Like this one…
The best places to take night sky pictures
Finding the perfect spot might take some traveling, especially if you are near a high density population area.
Even in rural areas, there might be light pollution from the nearest city.
Here are the best types of places:
- Dark Sky Parks: There are many Dark Sky Parks in the Western United States.
- Remote Locations: Choose a location away from city lights and light pollution, such as a national park or wilderness area.
- High Altitude Locations: High altitude locations, such as mountain peaks, can offer clear skies and stunning views of the night sky.
Light Pollution maps or Dark Sky maps are a great tool for helping you find the perfect spot.
Here are a few…
Go Astronomy – Global Dark Sky Sites Directory
Blue Marble – NASA night light satellite pictures
Dark Site Finder – Light Pollution Map
There are a lot of great places in the Western U.S. Just look at this light pollution map from Blue Marble Navigator…
One such place is Tonopah, Nevada, which was once voted by USA Today as the #1 Stargazing Destination in the United States.
Take a look…
The other “location” deals with where exactly to look in the sky.
Apps like SkyView will help you locate what you want to shoot. (More astrophotography apps are here and here).
Another thing to keep in mind is timing and how it relates to where certain objects will appear.
For example, there are certain times of the year (and times of night) when the Milky Way will be in a better position for photographing.
From DarkSiteFinder, “How To See The Milky Way”…
The core of the milky way is only visible about half of the year. The other half it is located beneath the horizon.
In the winter months (December – February) it is not visible at all because it’s too close to the sun.
In the spring (March – May), it will first become visible a few hours before sunrise.
By June it will rise much earlier before midnight. The summer months (June – August) are generally the best viewing time because it will be up most of the night.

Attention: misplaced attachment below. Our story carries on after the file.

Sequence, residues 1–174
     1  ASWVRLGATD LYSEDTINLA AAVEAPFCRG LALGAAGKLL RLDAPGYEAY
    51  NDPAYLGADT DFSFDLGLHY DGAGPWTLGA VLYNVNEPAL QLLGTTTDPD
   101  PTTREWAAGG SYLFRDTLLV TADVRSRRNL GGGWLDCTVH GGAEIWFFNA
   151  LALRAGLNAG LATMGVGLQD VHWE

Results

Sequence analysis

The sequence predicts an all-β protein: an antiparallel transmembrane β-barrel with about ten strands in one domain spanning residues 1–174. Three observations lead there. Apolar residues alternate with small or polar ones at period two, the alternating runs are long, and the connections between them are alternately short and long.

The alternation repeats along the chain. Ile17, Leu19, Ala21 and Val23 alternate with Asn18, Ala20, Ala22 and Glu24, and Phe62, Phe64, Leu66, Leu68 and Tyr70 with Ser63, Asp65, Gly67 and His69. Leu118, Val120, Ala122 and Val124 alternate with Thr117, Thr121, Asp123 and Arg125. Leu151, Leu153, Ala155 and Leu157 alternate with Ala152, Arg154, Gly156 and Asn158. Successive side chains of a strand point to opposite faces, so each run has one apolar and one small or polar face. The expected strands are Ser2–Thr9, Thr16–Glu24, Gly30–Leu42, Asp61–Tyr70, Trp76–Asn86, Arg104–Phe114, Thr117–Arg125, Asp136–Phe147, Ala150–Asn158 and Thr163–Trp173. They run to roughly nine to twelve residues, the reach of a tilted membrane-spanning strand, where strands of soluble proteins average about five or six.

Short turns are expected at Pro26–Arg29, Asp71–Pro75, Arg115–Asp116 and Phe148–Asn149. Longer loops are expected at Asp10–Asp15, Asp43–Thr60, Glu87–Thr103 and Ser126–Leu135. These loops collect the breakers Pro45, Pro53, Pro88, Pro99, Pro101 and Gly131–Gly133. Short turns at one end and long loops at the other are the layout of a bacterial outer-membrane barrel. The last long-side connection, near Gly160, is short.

By fall (September – November) the milky way will be best seen in the evening, before it sets. Twilight can brighten the sky up to 2 hours before sunrise and 2 hours after sunset, so you want to avoid those times.
So depending on what you want to see and photograph, you need to know where and when your subjects will be in the best position possible.
Astrophotography groups, workshops, and guided tours
Night sky photography can be a special experience if you value alone time or just want to enjoy the cosmic show in solitude.
If you are just getting started and want hands-on help, or if you are looking to meet other astrophotography enthusiasts, there are plenty of options.
Here are some ideas:
- Night Sky Photography Tours: Many tour companies offer night sky photography tours in Dark Sky designated areas, such as Joshua Tree National Park and Death Valley National Park.
- Workshops: Astrophotography workshops are offered by many professional photographers and organizations.
- Local Astronomy Clubs: Joining a local astronomy club can provide opportunities for guided tours and events focused on astrophotography.
Explore more western US
Spur Cross Ranch in Arizona
Idaho The Movie
Basic Guide to Astrophotography for the Western United States
God’s Thumb Oregon
10 Great Videos About The Grand Canyon
Weminuche Wilderness Colorado
Monkey Business Canyon Utah
Sol Duc Falls Washington
Trail of the Mountain Spirits Scenic Byway New Mexico
Paradise Valley Montana
Hueco Tanks State Park Texas
Painted Canyon California
Great Basin National Park Nevada
Bighorn National Forest Wyoming
Coal Mine Canyon in Arizona